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Backpacking through Vietnam

VIETNAM | Tuesday, 10 January 2012 | Views [3672]

I spent three months backpacking through South East Asia earlier this year, spending three weeks in Vietnam. We moved from south to north, jumping on nightbus and tuk tuk and taxi and motorbike, making my way through all the usual backpacker haunts.

Our first stop was Ho Chi Minh City. That place was crazy!  There I was, a cocky Westerner, thinking I  could easily navigate my way through an Asian city like a seasoned traveller, I was very wrong.  Leaving your hostel without a map – never a good idea.  A leisurely stroll through the streets with my boyfriend Chris(our attempt at ‘alone’ time, which is impossible when you’re backpacking on the cheap with a group of friends) turned into  two hours of back and forth through the streets, trying to find someone who speaks English , and wanting to help (also very hard to come by in Vietnam).Crossing the streets was always a bit of fun too, especially in the city, trying the avoid the onslaught of cars and motorbikes  without looking like a complete fool, it’s hard work people! And always remember, you do not have right of way, they will knock you over if you get in their way, so be careful!

We had one really lovely experience in Vung Tau, (a popular holiday destination for the Vietnamese but relatively untouched by Westerners) My boyfriend and I arranged to meet our friends for dinner on the beach (this town had the best seafood!) and after about half hour we were still wandering up and down the beach. We managed to find them eventually, sitting down on makeshift stools surrounded by older Vietnamese men.  We were very enthusiastically invited over to join them and proceeded to have one of the best nights of our trip. They couldn’t speak English, we couldn’t speak Vietnamese, but the beers were flowing and somehow we managed to communicate to each other, much to the amusement of all involved. Vung Tau was also well known in Vietnam for its huge Jesus statue, second in size to Rio’s and rather an odd monument to erect in a primarily Buddhist country.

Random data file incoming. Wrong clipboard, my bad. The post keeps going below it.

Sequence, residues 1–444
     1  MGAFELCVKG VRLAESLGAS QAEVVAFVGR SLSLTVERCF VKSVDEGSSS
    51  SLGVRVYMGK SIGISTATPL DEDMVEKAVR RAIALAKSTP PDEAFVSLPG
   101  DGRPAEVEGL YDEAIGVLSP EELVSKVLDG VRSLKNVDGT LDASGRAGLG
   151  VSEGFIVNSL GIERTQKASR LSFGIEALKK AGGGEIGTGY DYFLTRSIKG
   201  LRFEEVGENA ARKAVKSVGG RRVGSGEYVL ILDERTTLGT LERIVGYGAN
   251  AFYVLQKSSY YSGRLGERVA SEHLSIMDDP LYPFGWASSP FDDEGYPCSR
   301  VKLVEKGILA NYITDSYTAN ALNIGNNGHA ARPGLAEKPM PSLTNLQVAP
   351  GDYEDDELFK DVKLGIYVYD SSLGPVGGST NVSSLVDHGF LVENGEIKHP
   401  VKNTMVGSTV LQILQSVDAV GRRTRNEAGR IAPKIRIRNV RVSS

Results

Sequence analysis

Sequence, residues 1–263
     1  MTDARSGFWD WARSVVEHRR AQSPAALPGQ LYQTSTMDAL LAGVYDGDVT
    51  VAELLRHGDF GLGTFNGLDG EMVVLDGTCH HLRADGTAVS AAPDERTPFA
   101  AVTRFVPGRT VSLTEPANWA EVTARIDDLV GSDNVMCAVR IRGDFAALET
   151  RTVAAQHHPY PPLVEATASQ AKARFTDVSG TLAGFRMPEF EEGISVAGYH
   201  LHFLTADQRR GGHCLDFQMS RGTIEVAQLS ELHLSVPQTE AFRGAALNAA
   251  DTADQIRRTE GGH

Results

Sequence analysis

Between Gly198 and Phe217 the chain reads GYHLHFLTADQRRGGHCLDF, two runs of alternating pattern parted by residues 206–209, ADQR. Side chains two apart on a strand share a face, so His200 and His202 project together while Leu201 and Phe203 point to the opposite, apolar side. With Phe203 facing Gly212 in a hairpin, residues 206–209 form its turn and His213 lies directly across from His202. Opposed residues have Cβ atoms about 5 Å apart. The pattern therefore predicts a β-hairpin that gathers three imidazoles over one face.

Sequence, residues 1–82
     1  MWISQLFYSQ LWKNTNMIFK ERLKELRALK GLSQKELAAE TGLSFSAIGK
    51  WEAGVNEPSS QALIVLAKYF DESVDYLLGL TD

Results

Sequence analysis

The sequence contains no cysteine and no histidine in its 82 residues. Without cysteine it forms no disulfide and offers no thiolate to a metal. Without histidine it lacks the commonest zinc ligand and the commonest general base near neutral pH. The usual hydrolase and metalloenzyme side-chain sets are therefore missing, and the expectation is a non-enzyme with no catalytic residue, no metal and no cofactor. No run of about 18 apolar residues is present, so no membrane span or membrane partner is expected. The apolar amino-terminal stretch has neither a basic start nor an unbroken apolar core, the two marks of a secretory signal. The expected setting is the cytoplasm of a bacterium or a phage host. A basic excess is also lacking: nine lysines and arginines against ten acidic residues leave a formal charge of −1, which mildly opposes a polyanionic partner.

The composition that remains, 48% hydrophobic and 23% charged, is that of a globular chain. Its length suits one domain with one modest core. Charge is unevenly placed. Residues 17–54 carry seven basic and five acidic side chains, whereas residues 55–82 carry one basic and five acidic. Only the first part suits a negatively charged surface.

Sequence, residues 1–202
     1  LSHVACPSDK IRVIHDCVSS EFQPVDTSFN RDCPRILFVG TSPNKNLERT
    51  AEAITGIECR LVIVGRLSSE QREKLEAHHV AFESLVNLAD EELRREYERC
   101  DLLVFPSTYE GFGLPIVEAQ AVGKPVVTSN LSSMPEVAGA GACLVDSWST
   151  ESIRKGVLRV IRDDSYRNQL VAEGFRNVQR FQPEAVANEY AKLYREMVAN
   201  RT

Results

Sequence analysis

In every city and town we visited families and friends would gather in huge groups, on beaches, outside houses, even on the streets and they would eat and chat, for hours and hours on end. They weren’t on their phones, there was no facebook, no tv, they were just enjoying each others company. The Vietnamese in particular were such a social group of people, and they seemed to place so much importance on the family unit. The art of conversation, which sometimes seems all but lost in the Western world, was thriving in Vietnam.

Drinking on boats made up a large portion of our Vietnam trip. In Nha Trang(a very popular spot for backpackers) we jumped on a day booze cruise (with a little bit of snorkelling included). We had some very lively, cross-dressing hosts but the highlight was definitely their ‘floating bar.’ Which consisted of one man sitting in a donut shaped floaty pouring Vietnamese whisky (nasty stuff!) into our plastic cups whilst we drunkenly swam around him. Needless to say we passed out as soon as we arrived back to hotel room.

My favourite part of Vietnam was our backpacking booze cruise in Halong Bay (yes, any excuse to drink!). Halong Bay is breathtakingly beautiful and untouched(something you can’t say about a lot of Asia). Part of our cruise included kayaking through the bay, which will go down as one of the most amazing experiences of my life, beer between the legs (yes still drinking the beer, even to kayak) we set off at sunset, already a little pissed and explored the vast landscapes of the bay.  It was a phenomenal and a memory I will always cherish.

Vietnam is a great country to travel through, the beers are cheap, the people friendly and you’re spoilt for things to do; you’ve got bustling cities, lazy coastal beach towns and one of the most beautiful bays in the world.  Definitely add it to your list if you haven’t already!

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